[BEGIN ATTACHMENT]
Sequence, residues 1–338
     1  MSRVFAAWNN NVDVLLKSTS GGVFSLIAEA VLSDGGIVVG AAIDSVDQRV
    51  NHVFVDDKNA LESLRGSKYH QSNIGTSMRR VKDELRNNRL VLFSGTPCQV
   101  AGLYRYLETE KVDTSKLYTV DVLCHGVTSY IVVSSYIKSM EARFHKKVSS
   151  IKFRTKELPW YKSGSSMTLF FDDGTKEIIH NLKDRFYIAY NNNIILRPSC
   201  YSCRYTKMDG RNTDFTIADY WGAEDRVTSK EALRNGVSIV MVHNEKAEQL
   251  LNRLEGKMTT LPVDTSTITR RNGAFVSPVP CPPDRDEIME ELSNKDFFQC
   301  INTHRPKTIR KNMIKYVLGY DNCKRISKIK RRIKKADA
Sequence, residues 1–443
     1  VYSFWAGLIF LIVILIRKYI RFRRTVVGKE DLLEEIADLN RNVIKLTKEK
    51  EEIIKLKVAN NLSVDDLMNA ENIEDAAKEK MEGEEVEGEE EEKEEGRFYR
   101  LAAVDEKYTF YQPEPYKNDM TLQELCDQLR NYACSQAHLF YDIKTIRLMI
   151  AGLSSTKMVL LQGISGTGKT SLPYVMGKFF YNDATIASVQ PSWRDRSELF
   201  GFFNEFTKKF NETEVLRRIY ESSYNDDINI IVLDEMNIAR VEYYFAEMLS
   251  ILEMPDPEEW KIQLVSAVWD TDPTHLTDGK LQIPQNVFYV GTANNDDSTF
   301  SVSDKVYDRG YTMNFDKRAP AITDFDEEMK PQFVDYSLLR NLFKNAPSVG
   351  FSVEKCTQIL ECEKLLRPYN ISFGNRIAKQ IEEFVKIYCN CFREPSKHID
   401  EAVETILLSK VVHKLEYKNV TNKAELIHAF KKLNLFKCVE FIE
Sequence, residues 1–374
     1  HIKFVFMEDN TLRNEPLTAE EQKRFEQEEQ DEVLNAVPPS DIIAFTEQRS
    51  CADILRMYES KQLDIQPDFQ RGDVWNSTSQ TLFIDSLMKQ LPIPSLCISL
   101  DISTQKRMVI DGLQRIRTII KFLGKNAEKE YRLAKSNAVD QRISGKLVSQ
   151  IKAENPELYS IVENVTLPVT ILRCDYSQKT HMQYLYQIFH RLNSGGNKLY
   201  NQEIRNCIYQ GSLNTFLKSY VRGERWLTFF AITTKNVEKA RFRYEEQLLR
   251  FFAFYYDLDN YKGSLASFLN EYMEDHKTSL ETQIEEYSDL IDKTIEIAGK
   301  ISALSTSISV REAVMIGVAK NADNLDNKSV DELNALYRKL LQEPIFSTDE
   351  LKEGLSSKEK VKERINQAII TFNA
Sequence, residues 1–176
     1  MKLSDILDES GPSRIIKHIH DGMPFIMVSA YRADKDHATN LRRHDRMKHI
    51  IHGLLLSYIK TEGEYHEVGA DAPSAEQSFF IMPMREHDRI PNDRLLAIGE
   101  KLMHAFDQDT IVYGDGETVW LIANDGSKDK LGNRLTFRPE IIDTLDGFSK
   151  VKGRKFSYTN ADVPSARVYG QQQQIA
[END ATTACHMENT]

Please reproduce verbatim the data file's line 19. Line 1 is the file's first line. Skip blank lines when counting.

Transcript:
Sequence, residues 1–374